Believe it or not, there are quite a few fundamental differences in writing both song lyrics and poetry. I have written poetry for years now and have decided to dabble as a lyricist quite recently (I am talking about strictly writing lyrics, not the music accompanied by it). I’ve recorded my findings below and hope you find it useful when deciding whether to write lyrics or poetry.
1. Poetry stems from the soul
Poetry, it seems, is a product of the soul. Nothing will ever compare to the rush of inspiration surging through thin veins, the swelling pride for carefully crafted words, the charged satisfaction from Word documents harboring your electric emotions. While writing poetry is more of an all-encompassing, soul-pouring task, writing lyrics– at least through my experience– is more of a mindful challenge. You are daring your mind to rhyme a certain amount of lines, to come up with clever and fitting refrains. While writing poetry stems from the soul, writing lyrics originates from the brain. The satisfaction that grows from writing lyrics is analogous to being skin deep, compared to the more sub-dermal feeling of writing poetry.
2. Lyrics are extraordinarily memorable
Unlike most poetry, lyrics are set to a certain rhythm that adhere to a reader’s/listener’s mind and thoughts. This trait definitely sets lyrics apart from poetry. If you want a reader to remember an idea or emotion, or if you find that the style of repetition fits well with your voice, then, by all means, write lyrics! Some writers have an amazing knack when it comes to carefully repeating stanzas and engraving ideas in a reader’s mind. Lyrics also tend to be easier to understand from the reader’s perspective. They are usually simple, poignant, and easy to comprehend, thereby making them even more memorable than poetry.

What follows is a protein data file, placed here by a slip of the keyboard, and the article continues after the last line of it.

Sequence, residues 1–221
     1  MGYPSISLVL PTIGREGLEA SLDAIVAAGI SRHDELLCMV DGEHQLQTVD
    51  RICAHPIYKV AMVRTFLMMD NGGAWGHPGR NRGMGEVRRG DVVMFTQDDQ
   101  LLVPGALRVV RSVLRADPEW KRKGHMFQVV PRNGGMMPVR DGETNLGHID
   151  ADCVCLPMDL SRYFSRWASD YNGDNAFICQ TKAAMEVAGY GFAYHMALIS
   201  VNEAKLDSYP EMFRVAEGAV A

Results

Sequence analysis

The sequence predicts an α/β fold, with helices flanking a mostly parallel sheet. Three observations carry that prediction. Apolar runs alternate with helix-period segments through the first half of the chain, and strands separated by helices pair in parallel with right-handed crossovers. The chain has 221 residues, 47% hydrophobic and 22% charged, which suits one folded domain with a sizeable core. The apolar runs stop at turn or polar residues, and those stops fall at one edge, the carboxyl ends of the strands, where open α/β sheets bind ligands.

3. Poetry serves to be therapeutic
The only way I can describe poetry is one of freedom: free, soulful freedom without the constraints of musical rhythms or choruses or bridges. Poetry just… is, and does not require dependence upon a structure. This sense of freedom is extremely healthy for the spiritual being, and helps one grow into the best person they can be.
Poetry also nestles itself inside an emotional foundation. It can connect humanity to nature, humanity to humanity, or humanity to the self. Audre Lorde said that, “Poetry is not only dream and vision; it is the skeleton architecture of our lives. It lays the foundations for a future of change, a bridge across our fears of what has never been before.” Poetry connects us, as humans, to the past, present, and future.
One of my favorite sayings is “Poetry is in the streets in full, living color.” When you look at the world through the perspective of poetry, nothing is black and white; everything is fluorescent, and your world is reversed for the better. Using this special kind of lens aids in areas such as mediation and self-reflection.
Yes, writing lyrics can be pleasurable, fun even. But it is not always self-fulfilling.
4. Writing lyrics provides a higher success rate
If you are looking to make free-lance income by writing lyrics or poetry, you will most likely find the most success writing lyrics for a band or aspiring singer. The demand for well-written lyricists is there, and all you must do is supply it. In all honestly, there are not as many people out there looking for free-lance poets, so your best option financially would be to write lyrics. It is a fun and interesting job that will always have you searching for new ideas, new structures, and new topics.
Do you prefer writing poetry or lyrics? Which genre do you think wins the great debate? Feel free to leave a comment below and tell me what you think!